Revolvers I Recall

While all firearms are unique, there are some you never forget.

posted on December 14, 2022
Colt Official Police in .38 Spl. with a 4-inch barrel

At our recent hometown gun show, I had an experience that a country boy might call “déjà vu all over again.” As usual, I had a grand time visiting with the gun folks, sold a few things, but only came home with one gun that was new to me: a 1950s-era Colt Official Police in .38 Spl. with a 4-inch barrel. It was just about a dead ringer for the very first double-action revolver I ever owned.

I bought the original gun in Fort Worth, TX, so long ago that I was quite young. I don’t recall having won any big poker games, but I somehow must have had a pocket full of cash, because that Colt was soon paired with a floral-carved, Tom Threepersons holster from S.D. Myres out in El Paso.

Two things quickly became apparent about that Colt OP: One was that it was a robust, sturdy revolver and the other was that it, like most Colts of that era, was quite accurate. It was the springboard for my interest in double-action defensive shooting and point-shooting. Only real gun guys will nod their heads in understanding when I say that I have no recollection of when or why I let it get away from me.

By the time I pinned on a badge for a North Texas police department, my choice of sidearms had changed to an original 4-inch Colt Trooper. These old guns were really just an inexpensive version of the Colt Python, sharing the same internal parts. Several of the better pistol shots in our department were shooting Pythons, one of which had been modified by a Highway Patrol firearm instructor named Reeves Jungkind. He could smooth up the action of a Python so that you would swear it wouldn’t be able to bust a primer, yet they never failed. So, naturally, I had to have a Python for duty and PPC shooting matches. However, by that time, I realized that Smith & Wesson revolvers suited me best.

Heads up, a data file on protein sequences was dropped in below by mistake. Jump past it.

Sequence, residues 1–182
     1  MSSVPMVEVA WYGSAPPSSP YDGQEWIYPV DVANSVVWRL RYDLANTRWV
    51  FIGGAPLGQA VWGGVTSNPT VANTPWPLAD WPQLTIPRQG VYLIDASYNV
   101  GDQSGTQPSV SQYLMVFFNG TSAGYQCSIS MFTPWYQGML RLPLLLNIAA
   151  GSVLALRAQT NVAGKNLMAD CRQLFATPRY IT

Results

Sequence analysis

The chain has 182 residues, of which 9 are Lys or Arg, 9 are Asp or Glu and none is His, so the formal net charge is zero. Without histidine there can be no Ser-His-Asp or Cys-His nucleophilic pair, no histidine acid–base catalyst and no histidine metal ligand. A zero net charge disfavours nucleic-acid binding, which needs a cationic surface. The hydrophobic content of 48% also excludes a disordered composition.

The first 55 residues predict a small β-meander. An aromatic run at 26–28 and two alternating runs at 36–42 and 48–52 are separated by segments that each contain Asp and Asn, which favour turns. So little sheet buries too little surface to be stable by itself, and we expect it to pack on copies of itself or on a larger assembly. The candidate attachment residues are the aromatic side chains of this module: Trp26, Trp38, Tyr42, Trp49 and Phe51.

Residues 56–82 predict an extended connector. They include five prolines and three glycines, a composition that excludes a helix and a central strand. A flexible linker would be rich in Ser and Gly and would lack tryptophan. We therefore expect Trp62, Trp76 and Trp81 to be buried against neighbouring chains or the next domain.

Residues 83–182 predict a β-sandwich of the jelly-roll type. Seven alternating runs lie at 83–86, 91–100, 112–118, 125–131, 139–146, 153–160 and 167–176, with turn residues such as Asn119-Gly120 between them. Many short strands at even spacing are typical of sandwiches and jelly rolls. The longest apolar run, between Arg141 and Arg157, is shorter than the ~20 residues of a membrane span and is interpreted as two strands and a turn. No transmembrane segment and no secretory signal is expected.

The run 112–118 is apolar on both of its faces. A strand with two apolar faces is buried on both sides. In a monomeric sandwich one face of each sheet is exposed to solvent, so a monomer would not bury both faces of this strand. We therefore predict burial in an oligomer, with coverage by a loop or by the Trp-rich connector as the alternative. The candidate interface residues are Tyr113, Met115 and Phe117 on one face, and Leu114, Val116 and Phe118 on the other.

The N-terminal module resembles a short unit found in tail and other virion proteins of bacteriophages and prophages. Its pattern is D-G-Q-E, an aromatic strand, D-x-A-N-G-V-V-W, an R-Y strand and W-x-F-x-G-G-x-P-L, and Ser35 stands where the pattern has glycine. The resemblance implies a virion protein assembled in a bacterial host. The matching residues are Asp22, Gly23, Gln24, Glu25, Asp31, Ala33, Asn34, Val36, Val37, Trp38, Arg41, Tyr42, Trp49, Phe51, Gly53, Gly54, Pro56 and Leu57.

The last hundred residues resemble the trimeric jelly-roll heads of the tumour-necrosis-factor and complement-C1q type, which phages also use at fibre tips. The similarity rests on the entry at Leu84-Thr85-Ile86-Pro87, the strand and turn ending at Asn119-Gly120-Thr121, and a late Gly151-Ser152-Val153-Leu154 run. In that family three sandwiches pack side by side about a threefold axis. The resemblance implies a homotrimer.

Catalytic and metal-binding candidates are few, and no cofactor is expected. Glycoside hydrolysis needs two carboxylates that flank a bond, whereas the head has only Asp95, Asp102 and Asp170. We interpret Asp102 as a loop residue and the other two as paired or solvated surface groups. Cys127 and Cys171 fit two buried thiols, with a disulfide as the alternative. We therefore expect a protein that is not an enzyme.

The double-action trigger pull of those Colts just did not suit me like the Smith & Wesson did. There wasn’t anything wrong with the Colts; it was merely individual preference. 

The second reason for my change in revolvers was named Bill Jordan. Today’s shooters simply can’t imagine the influence that Jordan had on handgunners—especially revolver shooters. Among other things, Jordan prevailed upon Smith & Wesson to bring out a K-frame revolver in .357 Mag. Back then it was called the Combat Magnum, but today we know it as the Model 19. 

It was a revolver that fit my hand better than any other. And, due to its size, it did as well in off-duty concealment as it did in a gun belt and holster setup. Years later, we found that the forcing cone could be damaged by continual use of magnum ammo. That didn’t bother me too much, because I fed my Model 19 with .38 Spl. +P ammo or handloads that stayed at the bottom edge of magnum power. Since then, I have never been without a Smith & Wesson Model 19, and even liked it so well I bought the first 2.5-inch variant I saw.

I truly found my sweetheart DA revolver. I used it as a city detective, carried it as a backup as a Texas Sheriff and packed it quite a bit of the time in my life as a gunwriter. Actually, I have two identical examples, one that I wear and the other that is always somewhere nearby. While we had some exciting adventures together when I wore a badge, today this classic snub gets used mostly on varmints and the occasional aluminum can that needs correcting. I couldn’t keep house without one.

You might have noticed that the personal pronoun has appeared frequently in this little trip down memory lane. That is because the selection of the personal-defense handgun—revolver or semi-automatic—is a “personal” thing. Just because I chose a Smith & Wesson over Colts and Rugers is nothing against those guns. It just means that the Smiths happen to suit me. 

And there is the real lesson: Shoot good-quality guns, lots of different good-quality guns, and you will begin to realize that you simply shoot one better than the others. I wish I could show you a shortcut, but there really isn’t one. Lots of empty brass, lots of lead downrange and the answer will soon become clear to you. Hang on to that one like you did your sweetheart at the senior prom.


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